The album New Adventures in Hi-Fi often feels like the forgotten album amid the early-nineties explosion in interest in this band – after the big hits, the adulation, and then the somewhat backlash against Monster, my general memory of this album is one where R.E.M. retreated somewhat, but as I dug into it again for this, maybe I was wrong. Leave has a bizarre structure in ways – a gentle intro wrongfoots you before a looped ARP effect arrives like an alarm, and never goes away under the rest of the meandering pace of the song – but the guitar sound is 100% R.E.M., that’s for sure. Michael Stipe seems to be thinking about moving on, about the passage of time, and when it is time to go and do something else (when the anger subsides, anyway). This album, recorded at least partly while they were endlessly touring at their height of popularity, turned out to be a turning point – drummer Bill Berry left after this album, and most people agree that the odd song aside, R.E.M. were never the same after that.

/Leonard Cohen
/Hey, That’s No Way to Say Goodbye
/Songs of Leonard Cohen

Another artist that was almost guaranteed to be included, thanks to the sheer volume of song suggestions, was Leonard Cohen. It turns out – not that I should be surprised – that he wrote about, and took a lot of inspiration from, the idea of leaving, and dealing with the idea that some things in life will be fleeting. That includes relationships, of course, and this song, originally recorded by Judy Collins just weeks before Cohen released his own take on the song he wrote, seems to deal with a relationship that has foundered and is lost, the only thing left to decide is how to leave.

/Absolute Body Control
/I’m Leaving (V2)

From the very first ABC release back in 1981 (although I’ve gone for the sharper re-recording on the (excellent) post-reunion album Wind[Re]Wind), this track is something of an unusual piece within the earlier days of industrial electronics and nascent EBM, as it is unashamedly a ballad and quite a gentle one at that. Like some other songs featured this week, there is bitterness and anger to the words that are said, but here, there is also a sense of sadness. A desire from the character Dirk Ivens inhabits here to want to leave a relationship, but also the town and perhaps their life too (although the latter is only hinted at). The key feeling, though, is bitterness at a life that must be moved on from, and forgotten about.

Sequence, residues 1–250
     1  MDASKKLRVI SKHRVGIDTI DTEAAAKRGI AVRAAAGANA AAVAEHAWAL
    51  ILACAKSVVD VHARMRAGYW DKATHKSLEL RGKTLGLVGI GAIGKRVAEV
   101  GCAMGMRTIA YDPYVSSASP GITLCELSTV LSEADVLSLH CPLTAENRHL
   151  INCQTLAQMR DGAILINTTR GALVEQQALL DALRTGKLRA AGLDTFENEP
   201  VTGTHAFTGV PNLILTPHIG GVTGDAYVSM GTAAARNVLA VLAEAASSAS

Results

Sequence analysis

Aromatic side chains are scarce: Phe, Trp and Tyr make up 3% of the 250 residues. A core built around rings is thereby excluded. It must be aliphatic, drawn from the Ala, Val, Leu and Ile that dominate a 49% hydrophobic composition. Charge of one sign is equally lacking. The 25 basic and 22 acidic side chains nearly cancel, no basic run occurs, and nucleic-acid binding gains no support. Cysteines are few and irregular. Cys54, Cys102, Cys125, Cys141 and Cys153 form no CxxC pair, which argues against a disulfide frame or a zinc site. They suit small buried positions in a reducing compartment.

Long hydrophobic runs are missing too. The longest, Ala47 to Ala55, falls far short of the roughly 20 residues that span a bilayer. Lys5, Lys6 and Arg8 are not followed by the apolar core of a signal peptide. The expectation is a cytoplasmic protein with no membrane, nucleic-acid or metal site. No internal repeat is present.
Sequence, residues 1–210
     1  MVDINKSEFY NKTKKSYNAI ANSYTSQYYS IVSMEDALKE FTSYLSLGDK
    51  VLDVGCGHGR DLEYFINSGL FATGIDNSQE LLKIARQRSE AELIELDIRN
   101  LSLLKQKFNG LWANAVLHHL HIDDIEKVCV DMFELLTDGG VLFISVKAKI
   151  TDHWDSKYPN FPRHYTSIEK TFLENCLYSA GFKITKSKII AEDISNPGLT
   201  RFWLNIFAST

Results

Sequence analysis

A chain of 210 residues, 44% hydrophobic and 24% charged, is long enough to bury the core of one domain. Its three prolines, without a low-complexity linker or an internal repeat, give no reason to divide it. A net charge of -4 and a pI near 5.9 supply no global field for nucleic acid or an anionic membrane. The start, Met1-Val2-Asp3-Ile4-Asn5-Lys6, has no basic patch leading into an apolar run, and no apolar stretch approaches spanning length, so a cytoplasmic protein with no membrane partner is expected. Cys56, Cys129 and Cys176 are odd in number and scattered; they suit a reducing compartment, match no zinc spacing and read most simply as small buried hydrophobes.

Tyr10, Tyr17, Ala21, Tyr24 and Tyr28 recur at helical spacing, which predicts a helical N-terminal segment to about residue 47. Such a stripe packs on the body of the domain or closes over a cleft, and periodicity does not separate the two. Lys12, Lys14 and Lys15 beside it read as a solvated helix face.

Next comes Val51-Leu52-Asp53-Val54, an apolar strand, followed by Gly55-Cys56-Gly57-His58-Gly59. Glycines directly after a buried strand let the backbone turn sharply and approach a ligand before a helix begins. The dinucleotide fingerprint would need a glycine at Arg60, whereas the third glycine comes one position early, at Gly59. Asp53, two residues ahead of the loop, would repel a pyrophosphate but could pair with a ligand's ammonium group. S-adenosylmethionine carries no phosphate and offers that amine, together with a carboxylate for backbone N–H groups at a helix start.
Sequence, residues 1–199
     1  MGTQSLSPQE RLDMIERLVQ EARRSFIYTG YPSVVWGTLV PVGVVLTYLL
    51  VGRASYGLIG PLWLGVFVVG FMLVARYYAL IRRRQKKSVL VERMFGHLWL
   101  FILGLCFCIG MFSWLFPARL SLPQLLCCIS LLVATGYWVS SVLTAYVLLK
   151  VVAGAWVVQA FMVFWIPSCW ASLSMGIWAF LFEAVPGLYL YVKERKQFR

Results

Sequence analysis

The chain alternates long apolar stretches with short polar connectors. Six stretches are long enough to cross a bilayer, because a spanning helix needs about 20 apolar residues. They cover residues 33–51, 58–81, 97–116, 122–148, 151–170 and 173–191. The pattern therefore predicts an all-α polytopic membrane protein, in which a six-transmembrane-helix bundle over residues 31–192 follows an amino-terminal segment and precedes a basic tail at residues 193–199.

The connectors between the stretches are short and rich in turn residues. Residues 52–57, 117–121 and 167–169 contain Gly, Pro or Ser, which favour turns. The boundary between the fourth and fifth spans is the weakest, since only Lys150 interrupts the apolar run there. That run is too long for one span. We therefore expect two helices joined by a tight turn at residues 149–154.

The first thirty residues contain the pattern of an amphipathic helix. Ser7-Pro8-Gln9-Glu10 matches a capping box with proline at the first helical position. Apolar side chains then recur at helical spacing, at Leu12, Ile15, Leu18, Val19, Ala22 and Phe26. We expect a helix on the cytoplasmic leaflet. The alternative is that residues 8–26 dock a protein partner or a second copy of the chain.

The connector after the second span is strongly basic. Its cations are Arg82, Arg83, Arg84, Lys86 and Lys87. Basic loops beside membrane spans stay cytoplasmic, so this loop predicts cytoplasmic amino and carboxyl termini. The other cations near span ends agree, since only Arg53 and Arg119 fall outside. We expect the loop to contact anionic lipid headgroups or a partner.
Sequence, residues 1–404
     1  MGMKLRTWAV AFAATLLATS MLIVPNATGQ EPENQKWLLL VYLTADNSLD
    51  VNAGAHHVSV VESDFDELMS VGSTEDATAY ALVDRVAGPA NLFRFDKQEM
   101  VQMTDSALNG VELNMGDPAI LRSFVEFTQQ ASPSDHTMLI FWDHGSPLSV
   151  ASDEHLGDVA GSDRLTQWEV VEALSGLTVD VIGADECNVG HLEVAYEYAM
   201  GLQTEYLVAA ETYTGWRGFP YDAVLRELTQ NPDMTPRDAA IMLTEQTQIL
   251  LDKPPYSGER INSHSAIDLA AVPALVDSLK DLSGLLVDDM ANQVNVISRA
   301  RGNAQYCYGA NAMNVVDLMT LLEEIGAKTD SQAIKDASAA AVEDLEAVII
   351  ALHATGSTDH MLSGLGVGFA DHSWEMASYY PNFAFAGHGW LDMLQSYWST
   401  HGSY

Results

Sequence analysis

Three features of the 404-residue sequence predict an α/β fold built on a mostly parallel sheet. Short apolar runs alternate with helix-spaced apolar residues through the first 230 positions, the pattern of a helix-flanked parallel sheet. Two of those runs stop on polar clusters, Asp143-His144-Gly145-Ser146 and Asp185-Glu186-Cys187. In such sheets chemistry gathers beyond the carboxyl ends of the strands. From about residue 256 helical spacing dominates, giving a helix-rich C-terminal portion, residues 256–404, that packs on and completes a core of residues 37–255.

/The Animals
/We Gotta Get Out of This Place

Not that you’d perhaps initially know it – thanks to the utter immersion in sense of place that The Animals achieved with it – but this song was originally written by Brill Building songwriters Barry Mann and Cynthia Weil in New York City, but The Animals took it on as their own, becoming an anthem to breaking the mould of the past, and going on and bettering yourself. Here, they escape the drudgery of working-class life – and early death thanks to poverty and pollution, the fate of the father in the song – with a transcendental call to arms that, when you read about singer Eric Burdon’s tough life at school and as a child, you can see why he puts everything into this song. Burdon certainly left that life behind, becoming a worldwide star thanks to his extraordinary, powerful voice – and seems to have never stopped since, either, judging on his lengthy discography…

/Frank Turner
/This Town Ain’t Big Enough For the One of Me
/The First Three Years

Frank Turner was thinking along the same lines in some of his earlier songs, as he also was thinking about leaving town on a few occasions. Probably the best – and one that really does hit home a bit – is this song, where Turner is itching to go and leave the small town that he grew up in, where all the people are the same as ever, everyone knows everyone’s business, and nothing will ever change. A change is good, right? New challenges, new things to get excited about, new inspiration. I’ve never really stayed put, I guess, so perhaps I do have a bit of wanderlust in me…